You also see it when people strength-train, when they do what we call more lengthening contractions. So if you go downstairs, OK, when you go downstairs, that is a lengthening contraction of quadriceps, and that can increase soreness. So for people maybe that are hiking, and they are not used to going downhill, if they've climbed, and now they start going down a long hill, a couple of miles of downhill, that could be rhabdo. It could be if it's a long enough hill, and they're going hard enough, they could experience that. And then, as I had mentioned, there's some genetic factors. There are certain diseases that can also predispose you to that.
Host Amber Smith: Does heat or a high temperature outdoors, does that bring it on quicker, or does it influence it in any way?
Carol Sames, PhD: It absolutely does because it's dehydration, right? And so, once we start to become dehydrated, we run into all kinds of problems. The kidneys aren't happy. We can't clear that muscle protein and other toxic substances, and then what happens is, we start to have reduced blood flow to the muscle, and the muscle is trying to work.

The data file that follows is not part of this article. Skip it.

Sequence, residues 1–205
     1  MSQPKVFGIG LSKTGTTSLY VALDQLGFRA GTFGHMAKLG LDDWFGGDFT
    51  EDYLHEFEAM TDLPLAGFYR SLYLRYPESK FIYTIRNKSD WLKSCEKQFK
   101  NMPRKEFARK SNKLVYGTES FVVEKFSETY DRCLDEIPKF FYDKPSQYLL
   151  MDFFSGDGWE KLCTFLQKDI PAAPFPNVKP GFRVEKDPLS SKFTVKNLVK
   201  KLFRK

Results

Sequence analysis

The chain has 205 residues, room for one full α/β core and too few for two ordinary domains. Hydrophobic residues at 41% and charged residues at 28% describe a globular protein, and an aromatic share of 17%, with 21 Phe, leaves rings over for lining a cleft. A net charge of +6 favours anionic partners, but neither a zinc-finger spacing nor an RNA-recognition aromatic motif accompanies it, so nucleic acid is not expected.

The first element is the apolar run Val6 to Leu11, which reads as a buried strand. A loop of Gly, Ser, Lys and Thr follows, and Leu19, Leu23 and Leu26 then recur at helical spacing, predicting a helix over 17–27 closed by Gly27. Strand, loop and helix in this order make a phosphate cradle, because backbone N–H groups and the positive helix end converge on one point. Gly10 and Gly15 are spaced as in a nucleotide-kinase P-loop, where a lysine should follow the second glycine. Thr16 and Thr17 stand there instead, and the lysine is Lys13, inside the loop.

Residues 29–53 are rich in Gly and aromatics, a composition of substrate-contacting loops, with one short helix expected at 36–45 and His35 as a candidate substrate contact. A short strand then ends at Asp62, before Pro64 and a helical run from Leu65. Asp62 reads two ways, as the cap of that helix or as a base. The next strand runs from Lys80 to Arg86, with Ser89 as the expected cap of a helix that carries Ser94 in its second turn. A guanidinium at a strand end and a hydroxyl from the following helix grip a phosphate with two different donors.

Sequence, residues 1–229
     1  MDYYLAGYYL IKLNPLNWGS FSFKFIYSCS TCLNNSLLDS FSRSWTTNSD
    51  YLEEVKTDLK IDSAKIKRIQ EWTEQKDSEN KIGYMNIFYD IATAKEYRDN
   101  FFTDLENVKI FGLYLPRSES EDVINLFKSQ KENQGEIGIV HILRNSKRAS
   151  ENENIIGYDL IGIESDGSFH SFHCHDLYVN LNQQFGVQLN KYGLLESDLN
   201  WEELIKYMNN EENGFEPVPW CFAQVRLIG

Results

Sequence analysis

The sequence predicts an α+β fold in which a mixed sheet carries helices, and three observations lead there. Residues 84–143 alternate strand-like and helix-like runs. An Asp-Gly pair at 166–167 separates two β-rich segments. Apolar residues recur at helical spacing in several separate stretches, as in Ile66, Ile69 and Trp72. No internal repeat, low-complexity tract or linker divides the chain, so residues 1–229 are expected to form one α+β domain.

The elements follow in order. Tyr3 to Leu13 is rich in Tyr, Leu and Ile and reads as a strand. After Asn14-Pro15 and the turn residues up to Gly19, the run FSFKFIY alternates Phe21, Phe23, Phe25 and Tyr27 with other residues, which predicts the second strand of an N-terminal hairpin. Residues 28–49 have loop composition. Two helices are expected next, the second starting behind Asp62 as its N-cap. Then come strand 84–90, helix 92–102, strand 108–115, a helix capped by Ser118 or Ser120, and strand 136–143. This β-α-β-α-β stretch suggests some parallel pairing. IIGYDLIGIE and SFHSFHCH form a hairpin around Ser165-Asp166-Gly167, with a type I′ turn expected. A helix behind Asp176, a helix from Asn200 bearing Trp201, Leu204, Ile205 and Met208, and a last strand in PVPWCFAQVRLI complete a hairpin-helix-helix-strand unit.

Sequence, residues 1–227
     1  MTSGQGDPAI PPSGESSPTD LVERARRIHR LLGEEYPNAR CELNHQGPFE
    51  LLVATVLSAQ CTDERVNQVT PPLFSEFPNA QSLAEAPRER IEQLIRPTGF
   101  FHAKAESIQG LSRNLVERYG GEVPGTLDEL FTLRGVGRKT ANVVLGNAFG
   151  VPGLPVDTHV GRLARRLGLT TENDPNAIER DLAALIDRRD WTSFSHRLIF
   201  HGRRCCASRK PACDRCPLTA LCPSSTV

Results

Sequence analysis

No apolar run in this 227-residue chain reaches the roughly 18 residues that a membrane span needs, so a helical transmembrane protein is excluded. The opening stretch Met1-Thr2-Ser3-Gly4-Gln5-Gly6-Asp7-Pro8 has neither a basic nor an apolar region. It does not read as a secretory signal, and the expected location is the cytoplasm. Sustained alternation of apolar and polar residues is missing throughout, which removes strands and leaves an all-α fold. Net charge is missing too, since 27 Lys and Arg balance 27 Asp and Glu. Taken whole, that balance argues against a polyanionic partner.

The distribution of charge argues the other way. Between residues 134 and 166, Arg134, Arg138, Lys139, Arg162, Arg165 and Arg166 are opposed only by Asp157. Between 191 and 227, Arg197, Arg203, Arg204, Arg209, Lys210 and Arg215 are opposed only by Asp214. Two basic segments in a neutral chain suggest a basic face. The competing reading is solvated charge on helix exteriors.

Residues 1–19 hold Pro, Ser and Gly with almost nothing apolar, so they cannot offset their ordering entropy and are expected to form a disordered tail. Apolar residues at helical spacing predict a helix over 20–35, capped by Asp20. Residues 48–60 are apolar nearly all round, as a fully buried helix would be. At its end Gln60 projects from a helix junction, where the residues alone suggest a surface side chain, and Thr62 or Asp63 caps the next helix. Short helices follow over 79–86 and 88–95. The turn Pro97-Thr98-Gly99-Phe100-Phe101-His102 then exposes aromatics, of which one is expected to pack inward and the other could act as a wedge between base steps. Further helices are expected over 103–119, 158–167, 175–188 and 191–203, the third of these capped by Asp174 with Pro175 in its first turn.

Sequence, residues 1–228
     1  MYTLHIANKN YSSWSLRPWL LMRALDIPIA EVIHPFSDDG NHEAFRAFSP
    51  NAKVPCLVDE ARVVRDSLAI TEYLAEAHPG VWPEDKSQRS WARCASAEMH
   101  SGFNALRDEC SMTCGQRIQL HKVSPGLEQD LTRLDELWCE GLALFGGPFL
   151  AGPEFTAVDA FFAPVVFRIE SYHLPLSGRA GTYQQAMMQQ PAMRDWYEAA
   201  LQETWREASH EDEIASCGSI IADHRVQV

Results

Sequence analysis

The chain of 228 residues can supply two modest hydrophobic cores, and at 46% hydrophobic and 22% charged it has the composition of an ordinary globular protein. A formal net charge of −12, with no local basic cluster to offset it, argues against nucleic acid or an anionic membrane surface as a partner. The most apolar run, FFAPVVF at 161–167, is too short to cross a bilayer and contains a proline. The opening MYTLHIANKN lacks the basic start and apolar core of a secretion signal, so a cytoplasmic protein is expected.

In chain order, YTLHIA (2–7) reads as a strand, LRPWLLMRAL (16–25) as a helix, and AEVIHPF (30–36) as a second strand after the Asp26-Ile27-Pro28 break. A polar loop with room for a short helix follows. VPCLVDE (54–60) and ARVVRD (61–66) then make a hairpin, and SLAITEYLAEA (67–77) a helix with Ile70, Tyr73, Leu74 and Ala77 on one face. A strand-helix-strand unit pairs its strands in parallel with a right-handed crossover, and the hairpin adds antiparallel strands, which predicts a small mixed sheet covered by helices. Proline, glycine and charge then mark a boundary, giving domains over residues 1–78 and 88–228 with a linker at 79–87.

We can also get swelling. And then that can lead to compartment syndrome, and so, again, it can be a cascade of events that occurs, and really the concern is kidney failure because if somebody has rhabdo, pretty serious rhabdo -- and there's some blood markers that you can use to check -- if that is not reversed with an IV, a specific IV with some bicarbonate, you can have damage to your kidneys, and we don't want to damage our kidneys because that can lead to a whole other set of problems.
Host Amber Smith: Well, you've kind of talked about some of the signs and symptoms, the very dark-colored urine, the muscle soreness or pain. Are there other signs and symptoms that would make a person think, "Oh, maybe this is more serious. Maybe it's rhabdo"?
Carol Sames, PhD: Your soreness is not dissipating with time, like it is extreme pain that is not getting better.